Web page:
Have you ever written non-fiction? If so, what?

I’ve written 56 non-fiction traditionally published books, almost all histories, biographies, or one memoir

Are you a ‘normal’ person who likes to write, or do you consider yourself more of the tormented/driven ‘artist’ type?

I left “normal” when I graduated grammar school. I am a complete story-telling loon. I have a beat-box mouth, I shoot all manner of weapons, I used to jump horses over fences for ribbons. I write books and magazine articles about everything I’ve done. I paint and draw every week for four hours. I’ve broken the sound barrier in a jet fighter. I’ve traveled all over the world as a photojournalist. I love popcicles. Driven? I’ve driven an Indy race car an average of 111 mph at the Joliet Speedway.

Do you drink? Why or why not?

I drink about four ounces of Rye whisky every two weeks. I would drink more, but my kids will only buy me so many bottles a month. Same goes for pot. My wife’s a wine junky.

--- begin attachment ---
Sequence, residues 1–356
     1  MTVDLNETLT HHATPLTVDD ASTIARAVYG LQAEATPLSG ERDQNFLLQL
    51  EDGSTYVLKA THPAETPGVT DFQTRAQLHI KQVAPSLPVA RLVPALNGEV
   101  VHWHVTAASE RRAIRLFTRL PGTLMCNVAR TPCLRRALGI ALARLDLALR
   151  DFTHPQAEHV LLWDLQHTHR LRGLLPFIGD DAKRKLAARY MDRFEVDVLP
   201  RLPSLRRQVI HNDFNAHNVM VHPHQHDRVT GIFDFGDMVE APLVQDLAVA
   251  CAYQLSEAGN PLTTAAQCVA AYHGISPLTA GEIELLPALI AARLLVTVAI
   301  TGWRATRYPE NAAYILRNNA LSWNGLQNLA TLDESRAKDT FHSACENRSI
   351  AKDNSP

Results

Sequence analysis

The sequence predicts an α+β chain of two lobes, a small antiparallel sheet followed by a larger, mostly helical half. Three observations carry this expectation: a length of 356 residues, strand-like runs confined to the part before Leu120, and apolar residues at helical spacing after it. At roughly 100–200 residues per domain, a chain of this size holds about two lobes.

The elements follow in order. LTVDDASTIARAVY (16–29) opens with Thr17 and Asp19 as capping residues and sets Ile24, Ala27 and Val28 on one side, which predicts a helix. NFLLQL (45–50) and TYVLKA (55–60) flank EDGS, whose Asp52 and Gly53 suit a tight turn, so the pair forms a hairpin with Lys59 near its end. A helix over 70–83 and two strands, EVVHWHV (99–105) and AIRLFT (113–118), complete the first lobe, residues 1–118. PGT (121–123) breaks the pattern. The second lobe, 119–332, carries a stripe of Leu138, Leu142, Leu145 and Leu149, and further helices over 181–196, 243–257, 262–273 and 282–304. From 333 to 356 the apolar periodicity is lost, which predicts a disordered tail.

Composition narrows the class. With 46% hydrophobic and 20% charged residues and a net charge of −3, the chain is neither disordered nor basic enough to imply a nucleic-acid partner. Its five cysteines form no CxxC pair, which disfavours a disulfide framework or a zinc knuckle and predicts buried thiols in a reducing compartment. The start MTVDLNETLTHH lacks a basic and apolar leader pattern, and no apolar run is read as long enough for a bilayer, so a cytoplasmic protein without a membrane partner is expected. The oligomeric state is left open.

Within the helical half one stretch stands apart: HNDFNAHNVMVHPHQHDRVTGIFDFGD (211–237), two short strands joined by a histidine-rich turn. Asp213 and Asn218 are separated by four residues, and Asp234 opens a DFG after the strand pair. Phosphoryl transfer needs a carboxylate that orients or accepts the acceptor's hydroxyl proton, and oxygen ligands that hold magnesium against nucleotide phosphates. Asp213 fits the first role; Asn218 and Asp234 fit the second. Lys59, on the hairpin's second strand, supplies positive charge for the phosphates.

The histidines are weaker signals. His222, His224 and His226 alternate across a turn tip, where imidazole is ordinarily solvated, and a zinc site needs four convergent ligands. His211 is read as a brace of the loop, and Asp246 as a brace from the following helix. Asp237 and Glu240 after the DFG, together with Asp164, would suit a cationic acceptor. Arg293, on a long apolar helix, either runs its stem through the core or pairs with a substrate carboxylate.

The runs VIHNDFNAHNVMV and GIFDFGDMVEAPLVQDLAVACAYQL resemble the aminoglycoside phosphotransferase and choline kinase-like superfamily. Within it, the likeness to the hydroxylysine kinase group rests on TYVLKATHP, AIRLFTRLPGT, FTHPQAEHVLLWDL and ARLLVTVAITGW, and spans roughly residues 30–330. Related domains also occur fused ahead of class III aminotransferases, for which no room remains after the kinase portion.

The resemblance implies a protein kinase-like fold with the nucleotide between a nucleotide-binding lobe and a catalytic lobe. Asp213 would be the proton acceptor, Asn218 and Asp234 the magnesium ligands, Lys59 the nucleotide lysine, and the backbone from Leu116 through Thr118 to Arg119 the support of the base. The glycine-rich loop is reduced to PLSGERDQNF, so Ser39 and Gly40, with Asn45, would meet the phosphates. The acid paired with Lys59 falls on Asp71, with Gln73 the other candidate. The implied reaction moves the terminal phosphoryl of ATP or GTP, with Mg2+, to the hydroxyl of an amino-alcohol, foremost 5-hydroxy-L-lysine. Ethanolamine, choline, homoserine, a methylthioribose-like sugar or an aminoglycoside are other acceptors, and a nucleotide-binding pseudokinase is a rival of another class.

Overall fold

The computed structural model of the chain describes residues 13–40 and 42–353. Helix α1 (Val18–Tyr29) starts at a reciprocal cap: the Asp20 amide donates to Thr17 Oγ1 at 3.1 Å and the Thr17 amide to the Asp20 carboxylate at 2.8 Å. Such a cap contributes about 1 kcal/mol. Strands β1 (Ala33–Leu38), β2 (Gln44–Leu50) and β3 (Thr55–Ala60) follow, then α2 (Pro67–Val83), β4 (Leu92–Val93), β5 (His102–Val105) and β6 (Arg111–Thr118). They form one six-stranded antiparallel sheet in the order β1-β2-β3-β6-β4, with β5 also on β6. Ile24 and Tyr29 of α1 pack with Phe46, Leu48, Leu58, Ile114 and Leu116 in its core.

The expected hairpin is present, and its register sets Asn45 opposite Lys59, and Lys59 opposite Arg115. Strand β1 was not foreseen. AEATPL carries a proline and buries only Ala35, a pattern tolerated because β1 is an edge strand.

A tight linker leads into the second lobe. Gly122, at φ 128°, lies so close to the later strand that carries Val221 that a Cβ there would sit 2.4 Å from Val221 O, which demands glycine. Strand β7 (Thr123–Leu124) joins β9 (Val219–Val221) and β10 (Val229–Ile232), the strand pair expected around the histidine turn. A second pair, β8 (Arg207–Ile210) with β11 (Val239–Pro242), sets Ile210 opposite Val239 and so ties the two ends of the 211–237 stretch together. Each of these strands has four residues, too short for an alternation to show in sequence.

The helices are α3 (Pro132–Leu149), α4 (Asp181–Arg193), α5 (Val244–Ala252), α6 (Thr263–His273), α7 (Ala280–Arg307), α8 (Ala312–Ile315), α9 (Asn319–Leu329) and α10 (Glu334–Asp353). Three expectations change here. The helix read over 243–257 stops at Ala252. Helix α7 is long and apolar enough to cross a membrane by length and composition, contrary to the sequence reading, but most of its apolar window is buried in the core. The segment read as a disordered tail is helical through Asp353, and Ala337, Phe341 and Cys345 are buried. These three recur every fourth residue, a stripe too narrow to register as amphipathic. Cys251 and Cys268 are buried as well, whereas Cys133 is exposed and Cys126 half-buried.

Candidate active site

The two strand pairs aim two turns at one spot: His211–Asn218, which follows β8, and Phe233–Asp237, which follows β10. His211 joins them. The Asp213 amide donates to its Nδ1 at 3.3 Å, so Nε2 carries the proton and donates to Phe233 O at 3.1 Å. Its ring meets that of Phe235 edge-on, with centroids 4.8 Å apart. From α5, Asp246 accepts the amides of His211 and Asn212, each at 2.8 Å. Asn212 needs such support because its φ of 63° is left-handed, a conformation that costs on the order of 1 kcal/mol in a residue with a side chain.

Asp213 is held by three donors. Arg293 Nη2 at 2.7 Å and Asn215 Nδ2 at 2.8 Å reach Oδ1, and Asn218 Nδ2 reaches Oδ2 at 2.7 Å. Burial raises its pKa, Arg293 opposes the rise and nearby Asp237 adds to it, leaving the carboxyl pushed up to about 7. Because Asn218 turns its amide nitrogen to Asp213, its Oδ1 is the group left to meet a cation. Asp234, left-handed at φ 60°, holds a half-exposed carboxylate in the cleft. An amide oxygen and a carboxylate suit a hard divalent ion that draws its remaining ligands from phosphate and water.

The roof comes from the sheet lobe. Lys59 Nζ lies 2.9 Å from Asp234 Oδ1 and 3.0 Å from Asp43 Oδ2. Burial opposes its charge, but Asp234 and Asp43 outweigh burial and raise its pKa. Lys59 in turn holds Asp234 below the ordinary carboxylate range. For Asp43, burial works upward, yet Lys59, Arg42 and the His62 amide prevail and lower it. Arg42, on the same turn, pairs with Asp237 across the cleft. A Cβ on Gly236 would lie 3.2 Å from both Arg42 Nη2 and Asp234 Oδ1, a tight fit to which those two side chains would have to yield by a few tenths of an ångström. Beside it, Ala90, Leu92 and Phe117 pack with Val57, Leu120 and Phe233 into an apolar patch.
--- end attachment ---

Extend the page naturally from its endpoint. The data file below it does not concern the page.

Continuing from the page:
Are you married? How does being a writer affect that? Has your marriage affected the way you write love stories?

Yes, No and No

If you could see one of your stories made into a movie, which one would you pick and why?

“Thread of Sand”. It has everything in it a good movie in today’s market requires Second would be “Kilgore’s Colt”

How does your life experience influence your writing?

My life experience is my writing. I’ve experienced great bags of life experience. I once drank snake blood for Christ’s sake!

Do you try to keep your stories within their pre-determined genres, or do you just tell the story your way regardless of genre expectations?

I write for the reader

Do you listen to music when you write? If so, what kinds? Does music influence your stories?

I need dead silence. I used to play the viola.

Have you ever written a story based on a personal experience you had? If so, what was it about?

Virtually all my stories reflect in part my personal experiences (except biographies of course.)

Do you let real-life events influence your work, or is there a ‘disconnect’ between your stories and world/national/local events?

The closest I’ve come to world events was the “Troubles” in Ireland when I was arrested for being a suspected terrorist.

Is your writing time planned out or structured? Do you go on writing ‘benders’?